Another Look At The 17-Point Water-Growth Plan


There are a number of misconceptions about the 17-Point Water Growth Plan passed 7-0 by the Payson Town Council in August.

The plan is a compromise aimed at putting the water-growth war to rest, so Payson can move on to other important issues like developing a dynamic economic climate and moving to make Payson once again the "Fun Center of Arizona."


Bob Edwards

We have people at both ends of the growth spectrum. At one end are those who basically want no growth and those at the other end who want uncontrolled growth. Most citizens want something in between, but clearly want growth to be controlled and planned.

In addition, we are in a drought and are mining water. No one can define when the drought will end, and we have studies like the Arizona State University study suggesting that our current weather is the norm and the last century was abnormal. This council is committed to defining our current water status and developing a clear plan for the future.

Merriam Webster defines compromise as, "Something intermediate between or blending qualities of two different things." This plan tries to do that.

While clearly, developers, real estate agents and brokers may be better off financially if we have no controls, and the people at the other end are more satisfied with no growth, the council is faced with finding a fair balance.

What we passed in August is a plan and a council commitment to the citizens of Payson.

We now need to put the proper ordinances in place to complete that commitment. While there will be disagreements on some points and some compromises will need to be made, I am confident the council will fulfill the overall commitment.

At the Oct. 5 council meeting, three major pieces of the plan were submitted for public hearing and first reading:

1. Ordinance 694 requires a two thirds vote (5 votes) to change zoning.

  • The zoning map is a promise to the citizens and any zoning change is a major alteration to that map. Thus, any proposed change should have a definite reason and should be harder to approve than just a simple majority vote.
  • Additionally, a large group of people want to require a super majority (six votes) to pass a zoning change and were about to start an initiative to do it. I convinced them to settle for this "compromise." But, to achieve that settlement, I agreed to support their effort if I am unsuccessful with the compromise.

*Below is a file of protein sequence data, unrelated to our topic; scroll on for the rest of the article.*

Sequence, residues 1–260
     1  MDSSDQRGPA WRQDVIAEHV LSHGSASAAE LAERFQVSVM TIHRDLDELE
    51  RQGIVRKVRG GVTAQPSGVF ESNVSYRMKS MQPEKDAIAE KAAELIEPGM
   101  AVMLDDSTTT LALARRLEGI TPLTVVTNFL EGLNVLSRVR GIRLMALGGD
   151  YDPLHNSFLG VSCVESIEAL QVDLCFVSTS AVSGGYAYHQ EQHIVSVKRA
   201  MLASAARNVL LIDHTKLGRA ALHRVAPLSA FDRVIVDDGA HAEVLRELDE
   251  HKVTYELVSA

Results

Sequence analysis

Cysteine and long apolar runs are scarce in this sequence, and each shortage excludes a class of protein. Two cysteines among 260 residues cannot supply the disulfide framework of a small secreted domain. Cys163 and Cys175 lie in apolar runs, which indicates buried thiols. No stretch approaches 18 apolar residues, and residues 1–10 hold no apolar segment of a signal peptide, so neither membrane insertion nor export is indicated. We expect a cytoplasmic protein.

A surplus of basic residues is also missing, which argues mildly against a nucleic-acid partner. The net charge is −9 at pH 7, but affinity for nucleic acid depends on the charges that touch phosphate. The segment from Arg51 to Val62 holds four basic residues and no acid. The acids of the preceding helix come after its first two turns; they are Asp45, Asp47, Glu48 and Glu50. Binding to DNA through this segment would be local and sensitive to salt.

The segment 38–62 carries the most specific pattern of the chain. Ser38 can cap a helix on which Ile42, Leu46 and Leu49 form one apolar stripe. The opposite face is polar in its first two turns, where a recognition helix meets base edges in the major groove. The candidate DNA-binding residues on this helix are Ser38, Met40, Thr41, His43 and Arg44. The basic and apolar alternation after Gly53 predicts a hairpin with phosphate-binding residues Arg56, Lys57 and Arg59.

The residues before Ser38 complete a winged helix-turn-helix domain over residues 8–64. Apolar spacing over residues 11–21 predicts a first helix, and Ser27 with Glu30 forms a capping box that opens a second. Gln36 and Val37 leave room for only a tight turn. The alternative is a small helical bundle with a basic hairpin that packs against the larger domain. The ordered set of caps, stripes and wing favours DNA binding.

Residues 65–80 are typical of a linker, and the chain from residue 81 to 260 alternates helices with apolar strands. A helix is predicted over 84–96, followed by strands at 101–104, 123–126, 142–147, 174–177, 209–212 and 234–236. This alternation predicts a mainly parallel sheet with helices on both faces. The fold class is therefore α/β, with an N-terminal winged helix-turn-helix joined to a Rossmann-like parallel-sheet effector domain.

• There were a number of speakers who opposed this, but, in reality, the options are between five votes, if the 17-Point Plan is approved, or six if done by initiative.

2. Ordinance 695 limits new residential units to 250 per year.

  • In the past six years, the average number of new units was 249 per year.
  • If you exclude 2005 (an abnormal year because of two apartment complexes), the number for the prior five years was 223. Therefore, a limit to 250 units should not be a burden. This allows for us to continue growing at our historic rate and allows for the town's infrastructure to keep up with planned growth.
  • A controlled plan to build out will keep our local construction workers employed longer and not require importing workers from the Valley.
  • Ordinance 696 will remove the "Bring Your Own Water" ordinance. This will only be done if Ordinance 694 and 695 are adopted. The town's water department will be responsible for developing and delivering new water resources.

Again, we need to remember that the Town of Payson is made up of a lot of different groups wanting different things and the council is striving for a "compromise."

The council has pledged to fulfill the desires of the majority and do what is best for the future of Payson. I feel the "Smart Growth to Build out Plan" is step toward achieving the pledge.

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